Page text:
Fryday. July 5. 1771.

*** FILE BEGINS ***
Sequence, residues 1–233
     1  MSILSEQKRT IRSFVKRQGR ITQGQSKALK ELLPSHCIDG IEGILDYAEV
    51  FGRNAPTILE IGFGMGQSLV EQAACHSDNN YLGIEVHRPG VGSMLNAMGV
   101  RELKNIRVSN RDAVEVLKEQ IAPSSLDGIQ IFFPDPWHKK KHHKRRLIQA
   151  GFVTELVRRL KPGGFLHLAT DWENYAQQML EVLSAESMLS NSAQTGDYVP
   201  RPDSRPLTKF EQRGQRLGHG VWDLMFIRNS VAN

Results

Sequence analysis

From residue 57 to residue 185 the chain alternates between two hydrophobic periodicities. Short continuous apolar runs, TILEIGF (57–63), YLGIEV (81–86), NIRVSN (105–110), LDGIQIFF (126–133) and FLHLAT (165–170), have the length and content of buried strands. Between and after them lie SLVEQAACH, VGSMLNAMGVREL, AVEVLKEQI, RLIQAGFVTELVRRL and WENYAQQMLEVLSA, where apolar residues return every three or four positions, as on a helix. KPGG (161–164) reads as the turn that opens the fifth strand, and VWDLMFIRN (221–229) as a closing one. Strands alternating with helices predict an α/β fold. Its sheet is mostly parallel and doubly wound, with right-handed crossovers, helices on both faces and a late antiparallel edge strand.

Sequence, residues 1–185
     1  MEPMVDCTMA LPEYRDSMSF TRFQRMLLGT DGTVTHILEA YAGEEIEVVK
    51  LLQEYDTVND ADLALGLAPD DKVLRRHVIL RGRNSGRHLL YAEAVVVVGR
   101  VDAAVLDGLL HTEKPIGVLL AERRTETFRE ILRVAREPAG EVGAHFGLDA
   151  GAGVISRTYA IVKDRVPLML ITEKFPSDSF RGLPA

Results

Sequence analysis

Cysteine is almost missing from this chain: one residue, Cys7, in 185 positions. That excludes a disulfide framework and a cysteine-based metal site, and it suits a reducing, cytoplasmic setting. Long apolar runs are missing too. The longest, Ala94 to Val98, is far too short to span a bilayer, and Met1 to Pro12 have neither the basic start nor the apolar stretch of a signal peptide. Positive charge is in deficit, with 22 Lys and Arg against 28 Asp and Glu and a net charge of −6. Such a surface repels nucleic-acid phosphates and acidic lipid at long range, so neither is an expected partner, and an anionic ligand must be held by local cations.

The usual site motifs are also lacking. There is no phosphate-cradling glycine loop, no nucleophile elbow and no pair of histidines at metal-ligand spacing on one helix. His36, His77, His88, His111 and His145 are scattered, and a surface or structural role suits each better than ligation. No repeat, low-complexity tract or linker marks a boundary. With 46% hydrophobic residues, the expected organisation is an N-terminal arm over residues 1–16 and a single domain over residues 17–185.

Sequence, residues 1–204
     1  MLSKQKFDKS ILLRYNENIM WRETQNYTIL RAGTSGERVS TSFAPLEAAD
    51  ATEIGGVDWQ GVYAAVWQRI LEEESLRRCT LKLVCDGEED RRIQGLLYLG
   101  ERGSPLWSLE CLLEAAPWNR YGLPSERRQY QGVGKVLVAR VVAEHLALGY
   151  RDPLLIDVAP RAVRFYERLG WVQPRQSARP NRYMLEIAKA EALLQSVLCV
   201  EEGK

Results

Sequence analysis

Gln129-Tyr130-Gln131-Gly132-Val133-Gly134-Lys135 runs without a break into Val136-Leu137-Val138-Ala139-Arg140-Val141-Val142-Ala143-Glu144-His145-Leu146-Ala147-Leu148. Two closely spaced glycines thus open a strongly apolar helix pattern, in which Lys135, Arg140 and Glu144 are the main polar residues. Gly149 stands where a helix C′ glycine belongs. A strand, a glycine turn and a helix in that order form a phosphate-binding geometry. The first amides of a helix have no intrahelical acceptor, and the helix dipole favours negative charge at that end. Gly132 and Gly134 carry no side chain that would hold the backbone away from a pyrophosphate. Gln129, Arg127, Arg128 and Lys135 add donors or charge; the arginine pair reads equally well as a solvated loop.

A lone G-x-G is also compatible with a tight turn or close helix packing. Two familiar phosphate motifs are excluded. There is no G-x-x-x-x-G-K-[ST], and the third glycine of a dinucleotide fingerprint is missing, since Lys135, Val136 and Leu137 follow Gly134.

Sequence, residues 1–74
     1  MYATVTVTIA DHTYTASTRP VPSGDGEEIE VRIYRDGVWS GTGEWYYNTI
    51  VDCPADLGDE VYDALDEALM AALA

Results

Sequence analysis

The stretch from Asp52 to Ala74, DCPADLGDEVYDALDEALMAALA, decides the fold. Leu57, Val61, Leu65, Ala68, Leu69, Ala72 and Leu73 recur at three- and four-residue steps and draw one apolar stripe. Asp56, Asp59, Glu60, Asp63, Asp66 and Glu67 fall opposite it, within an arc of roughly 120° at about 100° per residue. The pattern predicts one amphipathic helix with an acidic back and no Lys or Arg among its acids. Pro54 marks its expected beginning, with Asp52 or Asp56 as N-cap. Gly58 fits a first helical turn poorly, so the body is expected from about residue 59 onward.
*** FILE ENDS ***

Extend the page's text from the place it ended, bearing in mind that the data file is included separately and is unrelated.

Cadwallader Ford came to me this Morning, and congratulated me on the Verdict for Freeman.—Sir, says he, I shall think myself forever obliged to you, for the Patriotick manner in which you conducted that Cause. You have obtained great Honour in this County, by that Speech. I never heard a better &c.—All this is from old Cadwallader. Langdon told me, that a Man came running down, when I had done speaking, and said “That Mr. Adams has been making the finest Speech I ever heard in my Life. He’s equall to the greatest orator that ever spoke in Greece or Rome”.—What an Advantage it is to have the Passions, Prejudices, and Interests of the whole Audience, in a Mans Favour. These will convert plain, common Sense, into profound Wisdom, nay wretched Doggerell into sublime Heroics. This Cause was really, and in truth and without Partiality, or Affectation of Modesty, very indifferently argued by me. But I have often been surprized with Claps and Plauditts, and Hosannas, when I have spoke but indifferently, and as often met with Inattention and Neglect when I have thought I spoke very well.—How vain, and empty is Breath!